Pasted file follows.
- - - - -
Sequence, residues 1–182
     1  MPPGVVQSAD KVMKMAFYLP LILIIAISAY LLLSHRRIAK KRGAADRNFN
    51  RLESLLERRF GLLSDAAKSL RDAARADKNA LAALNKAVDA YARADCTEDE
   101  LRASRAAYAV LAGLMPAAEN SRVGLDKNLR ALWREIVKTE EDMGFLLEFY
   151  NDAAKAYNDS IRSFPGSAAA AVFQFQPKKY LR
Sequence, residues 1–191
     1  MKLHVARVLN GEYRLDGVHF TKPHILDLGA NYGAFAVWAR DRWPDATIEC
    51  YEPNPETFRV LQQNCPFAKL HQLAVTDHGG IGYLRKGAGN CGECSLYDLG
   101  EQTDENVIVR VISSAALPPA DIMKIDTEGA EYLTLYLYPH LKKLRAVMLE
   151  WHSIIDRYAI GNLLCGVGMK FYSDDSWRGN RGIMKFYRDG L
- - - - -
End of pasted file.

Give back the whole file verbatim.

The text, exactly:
Sequence, residues 1–182
     1  MPPGVVQSAD KVMKMAFYLP LILIIAISAY LLLSHRRIAK KRGAADRNFN
    51  RLESLLERRF GLLSDAAKSL RDAARADKNA LAALNKAVDA YARADCTEDE
   101  LRASRAAYAV LAGLMPAAEN SRVGLDKNLR ALWREIVKTE EDMGFLLEFY
   151  NDAAKAYNDS IRSFPGSAAA AVFQFQPKKY LR
Sequence, residues 1–191
     1  MKLHVARVLN GEYRLDGVHF TKPHILDLGA NYGAFAVWAR DRWPDATIEC
    51  YEPNPETFRV LQQNCPFAKL HQLAVTDHGG IGYLRKGAGN CGECSLYDLG
   101  EQTDENVIVR VISSAALPPA DIMKIDTEGA EYLTLYLYPH LKKLRAVMLE
   151  WHSIIDRYAI GNLLCGVGMK FYSDDSWRGN RGIMKFYRDG L